Woman who is having trouble sleeping because she has tinnitus.

Are you being kept up by ringing in your ears? It’s not necessary. If you would like to sleep better, think about these tricks to quiet this aggravating unrelenting sound.

Your sleep habits can be drastically impacted by moderate to severe tinnitus. During the day, you’re distracted by noise and activity so your tinnitus may seem less noticeable. But during the night, when it’s quiet, tinnitus can get louder and more disturbing.

The good news is, if you would like to fall asleep easier, there are some techniques you can use.

Below are 5 tips to falling asleep despite your tinnitus.

1. Don’t Fight The Noise

While this may seem overwhelming, paying attention to the noise really makes it worse. This is in part because for most people higher blood pressure can worsen tinnitus symptoms. So the more frustrated you get thinking about it, the worse you are likely to feel. Focusing on something else and utilizing the techniques below can help make the noise seem softer.

2. Establish a Nighttime Schedule

Establishing healthy sleep habits like winding down at least a half hour before bed, dimming the lights and going to bed at the same time every night helps condition your body to be sleepy at the correct time. When you’re ready to fall asleep it will be less difficult.

Tinnitus has also been associated with stress. Establishing habits to lessen your stress level before you go to bed can also be helpful, such as:

  • Doing yoga and stretching
  • Going into a bath
  • Dimming the lights at least one hour before you go to bed
  • Avoiding alcohol
  • Turn down the heat in your bedroom
  • Listening to gentle sounds or relaxing music
  • Reading a book in a peaceful room
  • Concentrating on thoughts that make you feel happy and calm
  • Doing deep breathing or a quick meditation
  • Avoiding eating a few hours before going to bed

Training your body to transition into sleep by getting into a predictable routine before bed helps you transition away from the stresses of the day.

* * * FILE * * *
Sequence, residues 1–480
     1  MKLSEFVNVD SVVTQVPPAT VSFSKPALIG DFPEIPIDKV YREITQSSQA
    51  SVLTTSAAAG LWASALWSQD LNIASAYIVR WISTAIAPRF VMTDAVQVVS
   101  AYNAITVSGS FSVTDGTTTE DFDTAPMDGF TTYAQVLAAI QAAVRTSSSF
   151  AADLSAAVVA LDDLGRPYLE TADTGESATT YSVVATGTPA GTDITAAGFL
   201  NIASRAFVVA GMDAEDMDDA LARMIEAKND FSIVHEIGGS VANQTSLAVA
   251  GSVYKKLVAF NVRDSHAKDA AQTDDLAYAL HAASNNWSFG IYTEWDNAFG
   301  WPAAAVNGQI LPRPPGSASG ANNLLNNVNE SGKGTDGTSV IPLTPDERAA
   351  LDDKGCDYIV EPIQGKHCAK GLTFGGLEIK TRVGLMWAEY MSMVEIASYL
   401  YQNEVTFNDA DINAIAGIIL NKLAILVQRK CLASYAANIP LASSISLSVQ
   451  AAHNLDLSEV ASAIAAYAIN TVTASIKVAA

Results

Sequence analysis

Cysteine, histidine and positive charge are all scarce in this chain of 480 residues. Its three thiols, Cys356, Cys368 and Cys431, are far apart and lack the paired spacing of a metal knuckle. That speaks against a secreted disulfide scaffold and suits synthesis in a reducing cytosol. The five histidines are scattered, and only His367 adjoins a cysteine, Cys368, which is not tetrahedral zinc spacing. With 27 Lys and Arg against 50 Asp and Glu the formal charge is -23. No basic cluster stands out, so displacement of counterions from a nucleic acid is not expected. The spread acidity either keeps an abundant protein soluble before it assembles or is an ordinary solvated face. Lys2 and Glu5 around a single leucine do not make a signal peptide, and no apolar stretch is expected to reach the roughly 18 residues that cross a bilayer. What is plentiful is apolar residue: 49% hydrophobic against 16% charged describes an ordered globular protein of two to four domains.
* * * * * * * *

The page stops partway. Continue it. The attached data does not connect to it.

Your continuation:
3. Watch What You Eat

There are known triggers to tinnitus such as alcohol and artificial sweeteners. Steer clear of certain foods if you discover, after tracking your diet and symptoms, that they trigger or worsen your tinnitus. Caffeine is also a trigger so at least avoid drinking it in the afternoon and evening.

4. The Common Causes of Tinnitus Should be Avoided

Ringing or other noises in your ears can be caused by many things. Dealing with the cause of tinnitus can help it improve or even prevent it altogether. Here are several things you can do to help:

  • Evaluate your lifestyle to determine whether you’re exposed to loud noises (and how to limit exposure)
  • Go over your medications with your doctor to see if one may be causing tinnitus symptoms
  • Use headphones at a lower volume instead of earbuds
  • Safeguard your ears
  • Go for your yearly examination
  • Get help for inherent conditions such as high blood pressure
  • Get treated for depression or anxiety

If you can identify what’s causing the ringing in your ears, you may be able to deal with it better.

5. Make an Appointment to See a Hearing Specialist

A professional hearing test can help you identify what’s causing your tinnitus and suggest possible solutions. There are many ways hearing professionals can help you take care of your tinnitus including:

  • Help you train your brain not to hear tinnitus by signing you up for therapy
  • Fitting you for hearing aids designed to cancel out the noise
  • Suggesting cognitive behavioral treatment to deal with thought patterns revealed to make tinnitus worse

Expert help can hasten recovery and help you sleep better at night. Schedule an appointment with your hearing care professional to see if you can get some help with your tinnitus.

The site information is for educational and informational purposes only and does not constitute medical advice. To receive personalized advice or treatment, schedule an appointment.
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